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The Difference between Enabling and Supporting

by General Marketing

When a loved one struggles with substance misuse, concerned people may find themselves at a crossroads between helping and enabling them, even with the best intentions. Enabling can sometimes feel like fixing the problem, but it often ends up having the opposite results. Understanding the difference between enabling and supporting someone with addiction is an important step in spreading awareness of how substance use disorder is a “family disease” and how it affects more than just the person using substances. Additionally, learning more about enabling behaviors can cause the necessary shift for some who are considering entering life-saving addiction treatment or helping someone they care for take the proper steps toward sobriety.

What is Enabling?

In short, enabling is when a person (often unwittingly) passively permits harmful behavior from another person. Concerning substance use, this can apply in many different ways, but often the enabler tends to have good intentions but is more focused on “problem-solving” in the wrong ways that end up continuing the unwanted destructive behavior exhibited by the drug user because they never face negative consequences. Some examples of enabling someone with substance use disorder include:

  • Making excuses for latent destructive behavior in and outside of the home
  • “Rescuing” the user in situations that put other family members in harm’s way
  • Financially supporting the person knowing the money is going directly toward drugs
  • Lying, fabricating stories, and covering up misdeeds
  • Taking on the drug user’s responsibilities for them
  • Failing to construct sensible and safe boundaries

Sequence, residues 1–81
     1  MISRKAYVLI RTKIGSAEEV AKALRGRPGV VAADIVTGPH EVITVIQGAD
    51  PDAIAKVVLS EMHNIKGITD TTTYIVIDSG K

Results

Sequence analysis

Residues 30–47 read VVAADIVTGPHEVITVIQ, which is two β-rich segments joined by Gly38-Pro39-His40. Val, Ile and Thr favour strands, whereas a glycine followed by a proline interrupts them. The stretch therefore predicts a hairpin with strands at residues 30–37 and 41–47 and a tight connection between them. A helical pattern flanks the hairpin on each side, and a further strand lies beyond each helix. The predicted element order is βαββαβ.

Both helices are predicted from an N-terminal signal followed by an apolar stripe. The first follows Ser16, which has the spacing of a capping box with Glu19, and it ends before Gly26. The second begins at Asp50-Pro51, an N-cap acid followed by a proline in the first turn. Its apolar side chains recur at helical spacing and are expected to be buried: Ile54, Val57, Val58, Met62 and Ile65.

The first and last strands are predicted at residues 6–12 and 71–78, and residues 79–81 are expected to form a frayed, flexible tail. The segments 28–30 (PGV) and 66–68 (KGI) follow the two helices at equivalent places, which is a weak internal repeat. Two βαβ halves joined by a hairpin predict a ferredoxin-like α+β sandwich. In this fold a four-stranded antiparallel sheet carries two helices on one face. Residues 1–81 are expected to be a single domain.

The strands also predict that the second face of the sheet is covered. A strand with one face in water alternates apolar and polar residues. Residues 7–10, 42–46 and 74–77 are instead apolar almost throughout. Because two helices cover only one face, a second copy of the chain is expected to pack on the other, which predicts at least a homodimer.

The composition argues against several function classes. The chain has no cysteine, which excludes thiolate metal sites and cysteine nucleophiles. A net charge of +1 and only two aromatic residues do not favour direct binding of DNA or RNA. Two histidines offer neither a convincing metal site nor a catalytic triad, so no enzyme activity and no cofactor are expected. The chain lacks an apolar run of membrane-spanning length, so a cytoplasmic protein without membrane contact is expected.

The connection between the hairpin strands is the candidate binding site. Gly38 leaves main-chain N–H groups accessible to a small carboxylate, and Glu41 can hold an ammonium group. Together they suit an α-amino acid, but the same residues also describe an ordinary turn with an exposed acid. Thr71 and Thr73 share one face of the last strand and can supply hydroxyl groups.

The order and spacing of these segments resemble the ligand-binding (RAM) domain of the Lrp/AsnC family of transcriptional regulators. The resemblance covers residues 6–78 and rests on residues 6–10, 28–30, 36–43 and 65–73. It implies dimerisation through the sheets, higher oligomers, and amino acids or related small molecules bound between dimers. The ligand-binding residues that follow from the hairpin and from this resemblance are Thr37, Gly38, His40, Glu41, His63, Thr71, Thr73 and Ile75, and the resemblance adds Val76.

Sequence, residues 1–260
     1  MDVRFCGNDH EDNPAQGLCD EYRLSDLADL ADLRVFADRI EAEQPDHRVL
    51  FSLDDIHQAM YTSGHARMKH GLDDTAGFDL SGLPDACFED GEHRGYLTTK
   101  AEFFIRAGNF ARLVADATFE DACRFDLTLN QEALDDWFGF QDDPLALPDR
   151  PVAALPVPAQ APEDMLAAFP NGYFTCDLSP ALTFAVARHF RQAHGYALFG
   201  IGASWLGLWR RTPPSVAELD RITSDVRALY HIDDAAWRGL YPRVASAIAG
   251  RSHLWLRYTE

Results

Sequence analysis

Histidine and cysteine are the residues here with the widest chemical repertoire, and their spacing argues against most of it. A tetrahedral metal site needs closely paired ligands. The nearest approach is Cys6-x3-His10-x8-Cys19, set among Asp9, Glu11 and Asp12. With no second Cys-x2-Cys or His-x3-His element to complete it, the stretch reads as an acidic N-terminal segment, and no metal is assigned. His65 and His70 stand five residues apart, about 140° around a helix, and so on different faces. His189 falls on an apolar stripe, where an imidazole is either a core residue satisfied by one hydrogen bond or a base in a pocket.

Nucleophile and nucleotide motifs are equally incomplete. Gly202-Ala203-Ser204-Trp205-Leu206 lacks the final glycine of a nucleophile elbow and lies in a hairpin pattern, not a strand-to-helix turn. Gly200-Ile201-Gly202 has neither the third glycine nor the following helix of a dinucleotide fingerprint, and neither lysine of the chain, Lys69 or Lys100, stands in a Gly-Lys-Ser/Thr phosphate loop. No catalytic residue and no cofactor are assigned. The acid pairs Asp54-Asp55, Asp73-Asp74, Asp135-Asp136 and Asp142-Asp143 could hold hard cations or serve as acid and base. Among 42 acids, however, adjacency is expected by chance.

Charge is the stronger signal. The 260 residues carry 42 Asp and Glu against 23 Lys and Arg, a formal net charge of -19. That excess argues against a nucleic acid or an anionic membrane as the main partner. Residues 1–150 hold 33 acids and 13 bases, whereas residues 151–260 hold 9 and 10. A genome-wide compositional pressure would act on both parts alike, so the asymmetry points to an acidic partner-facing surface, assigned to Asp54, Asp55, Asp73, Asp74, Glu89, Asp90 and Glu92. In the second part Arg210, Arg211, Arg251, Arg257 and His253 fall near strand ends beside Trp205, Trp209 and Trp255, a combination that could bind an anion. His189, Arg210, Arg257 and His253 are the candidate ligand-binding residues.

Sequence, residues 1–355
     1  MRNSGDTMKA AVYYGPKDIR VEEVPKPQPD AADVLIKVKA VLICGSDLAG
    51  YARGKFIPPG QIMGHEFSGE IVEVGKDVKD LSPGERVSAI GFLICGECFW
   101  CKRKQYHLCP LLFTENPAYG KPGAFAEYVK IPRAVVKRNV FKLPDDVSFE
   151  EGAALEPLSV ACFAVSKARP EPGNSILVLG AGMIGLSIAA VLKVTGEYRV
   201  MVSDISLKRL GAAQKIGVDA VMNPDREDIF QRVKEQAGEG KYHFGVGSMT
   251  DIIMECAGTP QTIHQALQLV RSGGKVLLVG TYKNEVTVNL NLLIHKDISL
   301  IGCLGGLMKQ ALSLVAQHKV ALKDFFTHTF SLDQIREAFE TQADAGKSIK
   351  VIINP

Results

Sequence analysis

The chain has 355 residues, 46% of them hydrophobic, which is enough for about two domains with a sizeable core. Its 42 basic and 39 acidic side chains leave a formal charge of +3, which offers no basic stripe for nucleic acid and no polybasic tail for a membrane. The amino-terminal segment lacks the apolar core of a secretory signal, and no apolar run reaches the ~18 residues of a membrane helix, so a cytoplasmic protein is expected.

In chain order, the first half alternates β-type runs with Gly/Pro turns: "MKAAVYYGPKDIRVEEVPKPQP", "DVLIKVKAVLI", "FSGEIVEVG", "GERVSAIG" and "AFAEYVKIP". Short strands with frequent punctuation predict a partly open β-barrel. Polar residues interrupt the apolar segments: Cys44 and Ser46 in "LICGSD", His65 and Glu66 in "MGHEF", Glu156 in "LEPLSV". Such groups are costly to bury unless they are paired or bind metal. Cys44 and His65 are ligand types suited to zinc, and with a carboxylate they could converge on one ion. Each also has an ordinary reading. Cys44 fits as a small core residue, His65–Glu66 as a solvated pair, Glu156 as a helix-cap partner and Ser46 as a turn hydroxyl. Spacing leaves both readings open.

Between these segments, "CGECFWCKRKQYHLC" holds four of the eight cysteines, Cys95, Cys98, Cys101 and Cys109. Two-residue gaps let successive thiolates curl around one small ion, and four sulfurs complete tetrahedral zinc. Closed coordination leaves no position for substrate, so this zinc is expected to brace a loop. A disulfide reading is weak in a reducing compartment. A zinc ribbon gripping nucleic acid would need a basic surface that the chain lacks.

• Overriding their own needs or of the family to help the drug user

These examples show a harmful pattern of silent permission that a loved one with substance use disorder may act in ways that worsen their condition and strain others in the family or group. In essence, enablers may feel that they are helping the drug user by getting them “out of a bind” every other day, but in the long run, they are making the person’s situation much worse and their addiction deeper. Consequently, enablers often feel deep resentment towards the person they’re enabling because the cycle becomes all-consuming without any improvement in the drug user’s life.

Supporting instead of Enabling

It can be difficult to support a loved one grappling with substance misuse or addiction because the disease causes them to prioritize drug use above all else, causing them to act in belligerent and destructive ways. It can feel impossible to reason with someone whose brain has been rewired by substances, so many people don’t know how to approach the issue.

Supporting a loved one with substance use disorder involves making them understand how substances are deteriorating their own life and the well-being of others in their family and friend group. Driving them to treatment, offering to help them enroll in a program, or researching which programs appeal to them and similar offers are the best way to help them get healthy and for the family unit to heal. Setting up boundaries that involve only assisting them if they are reaching out for help to get treatment is a vital step in ending the enabling cycle. This isn’t revoking love or support for the person struggling, but rather making it clear that no one who loves them wants to have a hand in making their situation worse, only better.

Stop the cycle of enabling and addiction today by reaching out to HCRC. Knowledgeable and compassionate administrative staff, medical providers, and nurses are specialized in substance use disorder treatment and treat every patient with the dignity and respect they deserve. Message or call the nearest HCRC office today to learn more.

Medically Reviewed By:

Health Care Resource Centers Clinical Team

Health Care Resource Centers Clinical Team

Health Care Resource Centers Clinical Team

The Clinical Team at Health Care Resource Centers is our team of physicians and medical directors within the organization. HCRC is a CARF accredited organization and has been providing addiction treatment services for over 32 years in the New England area.

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